When spring arrives, it’s time to think about how your kids will continue to grow after school ends. Whether you make them review math problems on flashcards or sign them up for summer classes, they should also try new hobbies at home. Gardening teaches many life skills, so check out how to grow a garden with your kids this spring to turn their education into something fun.
1. Get Them Excited
At first, kids might not realize why gardening is important. All they know is that they’ll have to dig in the dirt when it’s hot outside.
Don’t let them dwell on what they might not enjoy. Instead, get them excited by asking them to draw how they’d decorate the garden.
They can doodle plants, signs and how they’d layout the garden. It gives them more control over their new hobby and makes it something they chose to do.
2. Give Them Options
Children might not know what they can grow, so give them options. Show them a list of plants with pictures that catch the eye.
Names and details won’t be enough for kids to get excited to bring home new plants or seed packets. Pictures get kids interested and show them what they can bring into reality.
They’ll also enjoy not being told what to grow, which separates a hobby from a childhood chore.
Ownership makes gardening more exciting for people of all ages, but not if they struggle to grow what they plant. Look into different varieties and make a list of easy plants before presenting the options to your kids.
No matter what they pick, you’ll know they can handle the planting and maintenance.
3. Find Fun Tools
Outdoor and indoor gardens both need gardening tools. Take your kids shopping so they can pick out the tools they prefer.
Watering cans and trowels will make growing plants easier and more fun if they feature their favorite colors or cartoon characters. Invest in the tools so your family has everything they need to grow the plants they picked out for themselves.
Teaching children about gardening with a food reward is an effective and educational way to allow them to grow an appreciation for the environment and all it has to offer.
The way that your balcony garden is set up depends on how much space you have—some people are able to have small garden beds while others may need to think about vertical garden planters.
4. Research Poisonous Plants
Even common plants can pose a health risk to young kids and pets. Carefully research every plant before presenting them as options for your family’s garden.
Something as familiar as aloe vera will cause vomiting and extreme diarrhea if your dog tries a bite while everyone’s weeding or watering. You never know what could happen while everyone’s outside, so avoid planting anything that could be poisonous to any members of your family.
5. Update Their Chore List
After planting seeds and watering their garden for the first time, your children may forget to keep up with their new routine. Add basic garden care to their chore list so they establish garden care habits without constant reminders.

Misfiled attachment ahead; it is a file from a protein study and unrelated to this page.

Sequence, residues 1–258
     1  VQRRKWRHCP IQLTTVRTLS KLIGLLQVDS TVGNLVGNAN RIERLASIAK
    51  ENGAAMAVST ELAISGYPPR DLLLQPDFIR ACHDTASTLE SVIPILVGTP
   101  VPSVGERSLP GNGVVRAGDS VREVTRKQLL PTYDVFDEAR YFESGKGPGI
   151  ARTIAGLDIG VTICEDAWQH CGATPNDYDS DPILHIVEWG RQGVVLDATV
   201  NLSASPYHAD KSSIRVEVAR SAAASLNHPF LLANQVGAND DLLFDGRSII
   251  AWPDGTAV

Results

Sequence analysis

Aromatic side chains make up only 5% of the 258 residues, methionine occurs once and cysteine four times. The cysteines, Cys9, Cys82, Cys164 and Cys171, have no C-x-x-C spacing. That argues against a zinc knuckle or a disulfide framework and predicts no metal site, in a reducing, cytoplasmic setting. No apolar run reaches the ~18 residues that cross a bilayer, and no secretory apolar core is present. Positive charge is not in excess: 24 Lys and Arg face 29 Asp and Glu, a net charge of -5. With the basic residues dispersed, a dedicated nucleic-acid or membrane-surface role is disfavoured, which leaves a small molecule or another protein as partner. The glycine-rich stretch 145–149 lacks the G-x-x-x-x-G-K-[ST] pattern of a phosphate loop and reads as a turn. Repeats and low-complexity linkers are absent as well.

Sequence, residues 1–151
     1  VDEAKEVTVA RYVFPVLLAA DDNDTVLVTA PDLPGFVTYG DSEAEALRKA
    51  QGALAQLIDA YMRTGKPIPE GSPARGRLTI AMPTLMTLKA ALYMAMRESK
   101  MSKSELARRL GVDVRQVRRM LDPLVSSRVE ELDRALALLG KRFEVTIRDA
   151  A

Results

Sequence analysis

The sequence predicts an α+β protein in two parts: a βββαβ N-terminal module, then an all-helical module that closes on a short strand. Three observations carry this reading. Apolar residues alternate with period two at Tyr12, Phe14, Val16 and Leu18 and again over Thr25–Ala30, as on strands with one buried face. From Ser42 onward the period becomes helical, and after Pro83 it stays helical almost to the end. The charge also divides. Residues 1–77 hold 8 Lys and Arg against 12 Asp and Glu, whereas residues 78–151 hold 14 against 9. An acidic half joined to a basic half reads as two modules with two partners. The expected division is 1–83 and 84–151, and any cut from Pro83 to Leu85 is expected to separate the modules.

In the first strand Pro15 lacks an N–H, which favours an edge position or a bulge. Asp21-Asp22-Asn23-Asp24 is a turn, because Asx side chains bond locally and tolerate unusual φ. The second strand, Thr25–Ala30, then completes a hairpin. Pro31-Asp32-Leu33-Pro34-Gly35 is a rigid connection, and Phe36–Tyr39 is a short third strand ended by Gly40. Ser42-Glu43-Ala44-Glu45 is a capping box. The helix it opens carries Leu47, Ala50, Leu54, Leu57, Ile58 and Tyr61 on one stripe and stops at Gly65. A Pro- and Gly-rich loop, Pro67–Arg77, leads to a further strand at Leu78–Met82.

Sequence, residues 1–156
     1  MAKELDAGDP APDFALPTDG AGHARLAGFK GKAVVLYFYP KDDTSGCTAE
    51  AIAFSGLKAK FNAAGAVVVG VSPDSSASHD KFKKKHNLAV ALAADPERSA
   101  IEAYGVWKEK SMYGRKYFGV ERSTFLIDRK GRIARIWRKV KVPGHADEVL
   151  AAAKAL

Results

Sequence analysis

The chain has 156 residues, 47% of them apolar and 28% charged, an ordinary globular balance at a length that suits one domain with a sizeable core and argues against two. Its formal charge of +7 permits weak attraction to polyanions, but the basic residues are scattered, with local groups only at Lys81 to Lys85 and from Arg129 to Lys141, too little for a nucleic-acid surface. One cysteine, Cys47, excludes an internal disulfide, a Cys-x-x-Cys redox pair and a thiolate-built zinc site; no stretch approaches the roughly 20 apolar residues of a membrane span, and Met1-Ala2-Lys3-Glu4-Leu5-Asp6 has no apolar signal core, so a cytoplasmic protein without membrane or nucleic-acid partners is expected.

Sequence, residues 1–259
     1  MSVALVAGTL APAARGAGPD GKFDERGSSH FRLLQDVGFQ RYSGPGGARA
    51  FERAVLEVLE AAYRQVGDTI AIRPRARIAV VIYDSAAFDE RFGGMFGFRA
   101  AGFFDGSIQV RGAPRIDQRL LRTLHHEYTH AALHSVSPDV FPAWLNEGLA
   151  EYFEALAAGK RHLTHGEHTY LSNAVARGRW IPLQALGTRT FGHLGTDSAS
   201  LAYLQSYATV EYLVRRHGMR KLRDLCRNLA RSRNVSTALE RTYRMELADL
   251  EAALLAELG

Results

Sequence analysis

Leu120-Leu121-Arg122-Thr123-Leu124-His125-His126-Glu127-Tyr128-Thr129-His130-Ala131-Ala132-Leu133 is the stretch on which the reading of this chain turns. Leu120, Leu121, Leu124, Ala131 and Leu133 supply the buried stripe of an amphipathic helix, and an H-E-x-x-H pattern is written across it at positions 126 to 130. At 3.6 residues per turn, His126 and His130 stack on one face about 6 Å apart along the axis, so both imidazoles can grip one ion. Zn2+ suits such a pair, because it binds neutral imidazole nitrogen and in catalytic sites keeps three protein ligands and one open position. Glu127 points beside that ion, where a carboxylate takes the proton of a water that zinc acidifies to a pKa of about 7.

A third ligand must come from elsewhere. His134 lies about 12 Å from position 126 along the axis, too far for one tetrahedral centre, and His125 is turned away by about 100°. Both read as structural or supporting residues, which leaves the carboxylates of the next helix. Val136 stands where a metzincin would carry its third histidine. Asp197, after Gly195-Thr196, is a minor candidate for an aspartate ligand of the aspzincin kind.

You can list essential responsibilities like watering, weeding and moving potted plants indoors when weather experts warn that frost will occur overnight.
6. Take Weekly Pictures
Growing plants takes time. Kids of all ages can lose interest because they don’t see their garden changing overnight. They also won’t get the flowers or vegetables they want immediately, so take weekly pictures to encourage them.
When they grow discouraged or bored, show them how much they’ve accomplished through the photos. They’ll see their work in action and find inspiration in your reminder.
7. Create a Contest
Challenge your kids to a little healthy competition in your backyard. Whoever grows the biggest flower or the tastiest tomato by the end of the summer wins. The competition drives them to form gardening habits more quickly and shines a light on prizes they can look forward to.
Make sure the prize is worth it to them. Look up ideas for inspiration to find cool prize ideas for all ages. Bathtub chalk, new dolls or a video game could be all they need to fall in love with gardening. While they daydream about winning, they’ll develop skills like time management, responsibility and dedication.
8. Show Off Their Work
Children feel proud of their work when their parents recognize it. Show off their gardening accomplishments during your next cookout or while they have friends over.
Post about their plants on social media and show them encouraging comments from friends and family. They’ll beam with pride and want to keep going, even if gardening isn’t their favorite activity.
Grow a Garden With Your Kids This Spring
Spring is a great time to start a garden with your kids. They’ll soon have more free time during summer vacation and need something to keep them active. Now that you know how to grow a garden with your kids this spring, start using these tips to get your family involved.
Pick out tools, choose non-toxic plants and add gardening responsibilities to everyone’s chore charts so taking care of plants becomes a long-term bonding experience.